In early November, the government released a report on its program to assist refugees, stating the obvious to those on the ground: federal aid often falls short.
“The government’s financial and resettlement supports are ‘inadequate’ to help newcomers rebuild their lives,” CBC reported, and “most refugees brought in by the federal government don’t have enough money to cover basic needs like housing and food, and aren’t able to obtain language and training programs fast enough to help them become more financially self-sufficient.”
Hanan and her husband Farid (who did not want to be identified by their real names) feel this reality acutely. They arrived in Vancouver from Beirut as Government-Assisted Refugees (GARs) this July with their 8-year-old son. Originally from Baghdad, they have been refugees since 2006, spending eight years in Syria after fleeing war in Iraq, only to find themselves escaping to Lebanon in 2014. While it still feels like a dream for them to be safely in Canada, new challenges have arisen: four months after arrival, they are still not in English classes due to long wait lists. The family receives approximately $1,400 per month in Resettlement Assistance Program (RAP) benefits. However, the rent of their one-bedroom apartment in Surrey is $1,000, leaving them stretched to cover food, public transit, school supplies, clothing for their first winter and furnishings for their apartment beyond the essentials provided by the government. While they were told that the Canadian Child Tax Benefit for their son will help with this, an error in processing has resulted in a delay.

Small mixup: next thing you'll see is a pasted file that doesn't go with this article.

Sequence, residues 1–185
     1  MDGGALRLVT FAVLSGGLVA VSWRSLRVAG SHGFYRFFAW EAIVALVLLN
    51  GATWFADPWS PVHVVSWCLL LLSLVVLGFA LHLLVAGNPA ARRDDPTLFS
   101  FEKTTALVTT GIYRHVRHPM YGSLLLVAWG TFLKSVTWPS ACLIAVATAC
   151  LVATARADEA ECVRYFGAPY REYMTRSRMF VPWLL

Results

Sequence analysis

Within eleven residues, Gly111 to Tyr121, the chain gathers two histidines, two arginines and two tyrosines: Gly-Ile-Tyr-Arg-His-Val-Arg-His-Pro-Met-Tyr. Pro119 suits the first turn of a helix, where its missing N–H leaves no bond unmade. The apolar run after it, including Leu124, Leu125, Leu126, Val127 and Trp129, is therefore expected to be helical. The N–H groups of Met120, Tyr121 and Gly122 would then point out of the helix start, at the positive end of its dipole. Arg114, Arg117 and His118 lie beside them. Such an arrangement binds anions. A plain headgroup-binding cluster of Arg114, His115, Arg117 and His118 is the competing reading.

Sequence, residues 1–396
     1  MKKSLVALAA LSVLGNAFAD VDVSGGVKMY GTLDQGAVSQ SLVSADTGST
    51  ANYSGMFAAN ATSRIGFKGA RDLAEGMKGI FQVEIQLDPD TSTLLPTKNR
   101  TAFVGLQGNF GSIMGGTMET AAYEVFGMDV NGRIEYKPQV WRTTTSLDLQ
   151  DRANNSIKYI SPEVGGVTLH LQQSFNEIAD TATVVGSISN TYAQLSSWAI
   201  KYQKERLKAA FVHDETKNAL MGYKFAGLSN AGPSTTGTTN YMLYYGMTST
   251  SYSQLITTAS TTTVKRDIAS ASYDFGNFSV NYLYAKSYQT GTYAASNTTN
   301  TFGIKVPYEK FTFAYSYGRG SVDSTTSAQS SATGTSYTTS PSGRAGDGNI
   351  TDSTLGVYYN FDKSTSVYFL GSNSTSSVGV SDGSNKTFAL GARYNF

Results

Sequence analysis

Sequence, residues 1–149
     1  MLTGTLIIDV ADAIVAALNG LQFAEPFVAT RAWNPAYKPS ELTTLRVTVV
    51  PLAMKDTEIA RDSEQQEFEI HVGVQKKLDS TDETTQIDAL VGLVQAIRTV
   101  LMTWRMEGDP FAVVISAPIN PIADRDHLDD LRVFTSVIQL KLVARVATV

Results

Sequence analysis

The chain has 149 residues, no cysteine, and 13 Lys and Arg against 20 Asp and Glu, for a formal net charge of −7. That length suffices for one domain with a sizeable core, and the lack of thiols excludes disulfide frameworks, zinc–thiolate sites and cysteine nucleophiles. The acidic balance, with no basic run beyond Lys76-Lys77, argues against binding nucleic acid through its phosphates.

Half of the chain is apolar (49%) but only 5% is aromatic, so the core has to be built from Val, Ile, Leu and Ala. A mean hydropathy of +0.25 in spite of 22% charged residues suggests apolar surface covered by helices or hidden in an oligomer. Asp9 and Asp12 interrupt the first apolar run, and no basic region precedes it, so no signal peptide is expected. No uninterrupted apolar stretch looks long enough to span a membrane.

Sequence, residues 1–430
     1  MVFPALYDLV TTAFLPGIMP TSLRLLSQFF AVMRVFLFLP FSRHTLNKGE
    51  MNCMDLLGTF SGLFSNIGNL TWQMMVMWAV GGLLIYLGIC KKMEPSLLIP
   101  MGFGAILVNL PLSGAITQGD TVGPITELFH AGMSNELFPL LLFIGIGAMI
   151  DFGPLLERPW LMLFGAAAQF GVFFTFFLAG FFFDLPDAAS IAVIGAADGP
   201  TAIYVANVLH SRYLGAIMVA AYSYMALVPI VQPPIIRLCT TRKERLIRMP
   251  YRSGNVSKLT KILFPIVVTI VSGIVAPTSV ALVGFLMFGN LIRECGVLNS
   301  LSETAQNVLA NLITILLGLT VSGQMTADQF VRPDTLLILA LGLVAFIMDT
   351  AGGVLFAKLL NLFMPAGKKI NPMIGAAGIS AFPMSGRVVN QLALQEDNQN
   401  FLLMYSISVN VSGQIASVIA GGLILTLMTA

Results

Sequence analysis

“Canada is beautiful,” says Hanan, “and so are the people. And there is freedom, safety, electricity, water.”
“But,” she adds, “we did not expect it to be this difficult.”
Farid is eager to work, but without English and with physical and mental health complications, including the effects of Post-Traumatic Stress Disorder (PTSD) due to torture during detainment in Syria, this is currently nearly impossible. Hanan is also seeking employment, though long-term studies suggest that rushing into work can be detrimental if it does not also allow time and space for language acquisition.
“We want to learn, and we want to work,” says Hanan earnestly. “But right now, we feel we don’t even have the opportunity.”
Early church sponsorship
Alongside the government program is Private Sponsorship, the model with which churches are most familiar. While multiple factors affect the long-term outcomes of each (including that GARs are often more vulnerable, which can mean higher health needs and more trauma), one of the undisputed outcomes is that Private Sponsored Refugees tend to have better social and relational support and networks.